John Tortorella has sided with playing defensively responsible players over more skilled players on his forward lines. Chris Higgins and Jannik Hansen (predominantly third liners under Vigneault) have been used a lot more as top six forwards under John Tortorella. Tortorella has given little to no opportunity to skilled players Zack Kassian and David Booth (correctly, with regards to Booth in my opinion) to play as top six forwards. Even more perplexing is the fact that Jannik Hansen has averaged more power play time than Kassian.
Tortorella was trumpeted as a coach who is good with young players, but that appears to be a bit of a red herring. Age has nothing to do with what Torts likes in a player. Torts appears to have an even shorter leash than Vigneault, taking away ice time from young players that make mistakes defensively.
The power play and penalty kill are often run by the assistant coaches, but the head coach also takes ownership. The Canucks power play was a sore spot last season, ranking 22nd in the NHL with Alain Vigneault/Newell Brown at the helm. Tortorella/Glen Gulutzan has somehow found a way to make the power play even worse, as it currently ranks 27th in the league.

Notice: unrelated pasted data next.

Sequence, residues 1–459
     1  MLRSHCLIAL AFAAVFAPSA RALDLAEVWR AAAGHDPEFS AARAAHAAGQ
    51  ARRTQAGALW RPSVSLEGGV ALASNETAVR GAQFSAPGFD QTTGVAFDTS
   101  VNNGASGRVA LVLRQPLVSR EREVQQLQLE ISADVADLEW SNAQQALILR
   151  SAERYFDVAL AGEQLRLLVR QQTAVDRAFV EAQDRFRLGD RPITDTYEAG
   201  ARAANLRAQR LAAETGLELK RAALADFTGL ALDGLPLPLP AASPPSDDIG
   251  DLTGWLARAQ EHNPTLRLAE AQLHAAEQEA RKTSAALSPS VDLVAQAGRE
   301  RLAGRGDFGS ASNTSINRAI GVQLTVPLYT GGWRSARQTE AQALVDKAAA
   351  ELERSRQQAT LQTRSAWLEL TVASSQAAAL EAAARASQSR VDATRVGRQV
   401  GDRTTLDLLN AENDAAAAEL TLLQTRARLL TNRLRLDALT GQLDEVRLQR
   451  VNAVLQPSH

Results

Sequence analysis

Tortorella’s Canucks have focused on shot quantity rather than shot quality, with those shots coming predominantly from the point (many of those shots were Jason Garrison shots that sailed wide of the net). That doesn’t exactly play to the strengths of the team’s two best players, Daniel and Henrik Sedin.
Tortorella has also been quick to change personnel on the power play, with a revolving door for the team’s defencemen (Garrison, Edler, Hamhuis, Bieksa, Weber and Diaz have had turns on the top unit). Vigneault, for better or worse, tried to keep the power play units the same for most of the season.
The biggest talking point about John Tortorella’s system was his emphasis on shot blocking. The Canucks are 6th in blocked shots, up from 27th last season. The team’s penalty kill relies on their ability to block shots (their forwards line-up in an I formation), which I think has been a tactical improvement. In terms of even strength, I have seen a lot of gaffs from players being taken out of position by trying to block a shot. Here is an example of this from Saturday night’s game (skip ahead to the 1:20 mark):